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    So, my little brother is in y11 and he wants to be a computer games designer, or failing that, do some other computing related job that isn't as difficult to get into. He's thinking of doing computing, applied ICT, maths and maybe DT: product design, art or business studies A levels if he gets the grades. So firstly, is doing both ICT and computing a good idea? The sixth form he's applying to doesn't recommend it, but I think they allow it. Does anyone know just how much the courses overlap and whether it will cause problems later (not looking at top unis)? The 6th form also asks for B in art, which he wasn't able to take due to timetabling problems. If they'll allow him to take it, would not doing GCSE create a significant disadvantage? Thoughts on the other subjects (not so much maths, but the others) would also be appreciated.

    If he doesn't get the grades for that, there are a few BTECs in areas he's interested in. He was wondering what people do alongside a BTEC, if anything? Also, does anyone know what sort of prospects they offer? For instance, there was one in something like Games Development, but do those who take it actually have a realistic chance of getting into that field (already difficult) or a related degree? Would he be better off doing IT Practitioners? If anyone has taken any of these and knows what they're like that would be helpful.

    Thanks

    Edit - Also, I don't know how this works as I just stayed on at the sixth form of the school I was already at... If he missed the grades for 6th form but still had enough for a BTEC, would he have to try and get a place at a college after results day (having presumably already applied and rejected a place there earlier in the year)?
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    I cant see that there would be any overlap in Computing and ICT. Im doing a Level 3 in ICT (A level equivalent) and its totally irrelevant to any sort of Computing/Computer Science content. It is just using a PC to do stuff, theres no theory or anything like that.

    If he wants to keep his option open then id recommend doing Computing, Maths and any other 2 subjects, of course the top unis will want analytical subjects and ICT doesnt count as one.

    As for Art and not doing it at GCSE, it probably wouldnt be the best thing to do as he would be at a disadvantage, although im not sure whether it would be significant or not. I only did Art up until I was 13 and it was a doss with nothing being taught as such. But I dont know.
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    (Original post by THRASHx)
    I cant see that there would be any overlap in Computing and ICT. Im doing a Level 3 in ICT (A level equivalent) and its totally irrelevant to any sort of Computing/Computer Science content. It is just using a PC to do stuff, theres no theory or anything like that.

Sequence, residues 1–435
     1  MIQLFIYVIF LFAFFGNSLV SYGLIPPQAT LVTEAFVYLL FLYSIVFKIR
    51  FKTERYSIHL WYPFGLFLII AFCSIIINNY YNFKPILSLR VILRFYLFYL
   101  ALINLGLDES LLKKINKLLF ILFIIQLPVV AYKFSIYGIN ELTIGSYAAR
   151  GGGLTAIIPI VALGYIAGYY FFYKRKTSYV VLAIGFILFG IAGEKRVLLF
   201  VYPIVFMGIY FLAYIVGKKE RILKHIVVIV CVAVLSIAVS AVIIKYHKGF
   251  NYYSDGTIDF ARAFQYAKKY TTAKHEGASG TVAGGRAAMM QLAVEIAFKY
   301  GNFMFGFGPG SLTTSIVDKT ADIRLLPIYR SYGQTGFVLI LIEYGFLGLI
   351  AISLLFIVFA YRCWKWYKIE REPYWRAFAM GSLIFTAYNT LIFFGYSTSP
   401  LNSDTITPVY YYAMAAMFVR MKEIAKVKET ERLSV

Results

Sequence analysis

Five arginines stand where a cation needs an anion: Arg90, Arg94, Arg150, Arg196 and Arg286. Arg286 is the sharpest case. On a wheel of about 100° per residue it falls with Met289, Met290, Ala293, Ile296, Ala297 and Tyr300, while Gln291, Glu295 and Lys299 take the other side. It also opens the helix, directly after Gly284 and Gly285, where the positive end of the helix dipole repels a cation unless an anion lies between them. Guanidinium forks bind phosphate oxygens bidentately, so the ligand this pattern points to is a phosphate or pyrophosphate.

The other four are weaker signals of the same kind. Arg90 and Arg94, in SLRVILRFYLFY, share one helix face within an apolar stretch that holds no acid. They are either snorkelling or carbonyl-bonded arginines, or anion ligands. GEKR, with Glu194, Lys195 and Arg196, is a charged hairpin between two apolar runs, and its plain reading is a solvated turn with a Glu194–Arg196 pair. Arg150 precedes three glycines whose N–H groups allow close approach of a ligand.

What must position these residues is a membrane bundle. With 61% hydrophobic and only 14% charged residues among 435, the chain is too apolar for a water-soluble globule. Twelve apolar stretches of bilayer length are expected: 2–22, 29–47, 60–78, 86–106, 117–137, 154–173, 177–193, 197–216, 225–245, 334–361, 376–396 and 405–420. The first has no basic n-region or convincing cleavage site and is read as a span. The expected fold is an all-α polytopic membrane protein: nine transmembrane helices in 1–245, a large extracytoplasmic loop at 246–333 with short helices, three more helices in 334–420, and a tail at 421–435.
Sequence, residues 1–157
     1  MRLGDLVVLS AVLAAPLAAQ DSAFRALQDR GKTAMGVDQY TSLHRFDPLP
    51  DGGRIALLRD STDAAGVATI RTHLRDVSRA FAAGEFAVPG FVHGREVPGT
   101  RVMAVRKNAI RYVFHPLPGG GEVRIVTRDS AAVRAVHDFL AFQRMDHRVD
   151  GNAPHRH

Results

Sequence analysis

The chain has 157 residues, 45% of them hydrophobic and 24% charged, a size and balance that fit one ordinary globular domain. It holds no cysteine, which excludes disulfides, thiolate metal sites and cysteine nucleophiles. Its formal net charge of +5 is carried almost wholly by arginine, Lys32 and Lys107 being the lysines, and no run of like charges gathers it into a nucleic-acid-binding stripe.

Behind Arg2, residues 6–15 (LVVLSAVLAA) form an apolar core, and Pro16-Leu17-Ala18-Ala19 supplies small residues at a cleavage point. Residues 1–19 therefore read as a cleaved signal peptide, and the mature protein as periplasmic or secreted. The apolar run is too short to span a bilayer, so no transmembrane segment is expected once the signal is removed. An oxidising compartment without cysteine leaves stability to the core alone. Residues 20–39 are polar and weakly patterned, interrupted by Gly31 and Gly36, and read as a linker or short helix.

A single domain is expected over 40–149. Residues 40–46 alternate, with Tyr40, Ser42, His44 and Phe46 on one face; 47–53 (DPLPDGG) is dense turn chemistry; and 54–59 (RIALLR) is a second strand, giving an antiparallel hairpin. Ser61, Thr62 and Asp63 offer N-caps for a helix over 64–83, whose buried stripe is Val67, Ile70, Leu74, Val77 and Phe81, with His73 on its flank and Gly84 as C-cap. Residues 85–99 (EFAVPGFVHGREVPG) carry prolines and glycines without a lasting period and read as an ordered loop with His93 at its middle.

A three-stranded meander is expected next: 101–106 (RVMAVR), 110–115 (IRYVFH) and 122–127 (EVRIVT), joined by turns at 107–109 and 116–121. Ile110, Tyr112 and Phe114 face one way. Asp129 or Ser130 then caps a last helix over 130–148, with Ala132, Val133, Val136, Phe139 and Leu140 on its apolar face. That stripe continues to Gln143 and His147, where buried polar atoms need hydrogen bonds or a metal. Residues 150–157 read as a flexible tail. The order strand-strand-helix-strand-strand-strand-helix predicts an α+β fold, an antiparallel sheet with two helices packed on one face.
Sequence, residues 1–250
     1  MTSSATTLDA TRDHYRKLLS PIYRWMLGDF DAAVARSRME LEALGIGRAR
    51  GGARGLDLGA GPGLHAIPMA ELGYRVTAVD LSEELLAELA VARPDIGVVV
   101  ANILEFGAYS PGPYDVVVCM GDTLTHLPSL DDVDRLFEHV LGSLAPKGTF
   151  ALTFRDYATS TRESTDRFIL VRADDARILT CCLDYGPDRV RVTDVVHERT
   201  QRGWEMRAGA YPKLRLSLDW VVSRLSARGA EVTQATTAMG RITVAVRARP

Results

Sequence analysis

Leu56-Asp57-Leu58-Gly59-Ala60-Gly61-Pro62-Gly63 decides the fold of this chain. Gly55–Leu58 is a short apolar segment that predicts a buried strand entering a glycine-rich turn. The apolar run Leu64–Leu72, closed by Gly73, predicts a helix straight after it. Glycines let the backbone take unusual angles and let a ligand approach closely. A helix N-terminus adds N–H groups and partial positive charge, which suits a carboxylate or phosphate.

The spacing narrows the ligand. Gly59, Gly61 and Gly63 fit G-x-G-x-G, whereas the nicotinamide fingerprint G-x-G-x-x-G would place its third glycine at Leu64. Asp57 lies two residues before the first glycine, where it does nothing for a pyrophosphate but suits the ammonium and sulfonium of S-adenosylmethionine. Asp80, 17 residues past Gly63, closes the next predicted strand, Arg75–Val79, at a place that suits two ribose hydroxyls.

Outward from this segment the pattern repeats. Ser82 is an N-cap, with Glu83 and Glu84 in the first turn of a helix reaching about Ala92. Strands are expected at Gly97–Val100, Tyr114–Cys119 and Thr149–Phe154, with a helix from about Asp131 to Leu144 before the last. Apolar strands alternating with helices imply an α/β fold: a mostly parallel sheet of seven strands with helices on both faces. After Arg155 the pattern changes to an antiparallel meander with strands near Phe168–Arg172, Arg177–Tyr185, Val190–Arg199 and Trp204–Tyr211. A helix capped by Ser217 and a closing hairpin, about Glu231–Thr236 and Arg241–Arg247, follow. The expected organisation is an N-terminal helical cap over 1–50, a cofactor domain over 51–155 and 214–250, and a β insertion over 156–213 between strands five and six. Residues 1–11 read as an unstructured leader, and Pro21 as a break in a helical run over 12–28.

If he wants to keep his option open then id recommend doing Computing, Maths and any other 2 subjects, of course the top unis will want analytical subjects and ICT doesnt count as one.

    As for Art and not doing it at GCSE, it probably wouldnt be the best thing to do as he would be at a disadvantage, although im not sure whether it would be significant or not. I only did Art up until I was 13 and it was a doss with nothing being taught as such. But I dont know.
    Thanks. I don't think keeping his options open is really something he cares about. He's pretty sure he wants to do something with computers and just wants to fill up the other options with something he can pass and won't completely hate. That makes me wonder if he'd be better off with BTECs. They also seem to be easier to pass. What the top unis want is irrelevant to be frank, as I said before. It's more what employers want, perhaps other unis.
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    (Original post by Meliae)
    Thanks. I don't think keeping his options open is really something he cares about. He's pretty sure he wants to do something with computers and just wants to fill up the other options with something he can pass and won't completely hate. That makes me wonder if he'd be better off with BTECs. They also seem to be easier to pass. What the top unis want is irrelevant to be frank, as I said before. It's more what employers want, perhaps other unis.
    Well employers will want you to go to a good university!
    I wouldnt recommend a BTEC, maybe an A Level in Media or something like that. Art might not be difficult but theres so much work, my girlfriend does it and spends a few hours after college, staying at college, to finish of pieces of art. I wouldnt like it, especially when doing difficult subjects like Maths and Computing.
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    I took a BTEC in IT Practitioners and managed to get into Nottingham Uni. There are some uni's that won't accept them though so he needs to get a rough idea of the uni's he wants. If he took A Level Maths alongside it then he'd be in a very good position.

    Why not take a look at the BTEC modules and see if they're of interest? Out of our group we had several go to uni (including one guy at Durham), another on the stupidly competitive BT apprenticeship, and some working the IT departments in schools.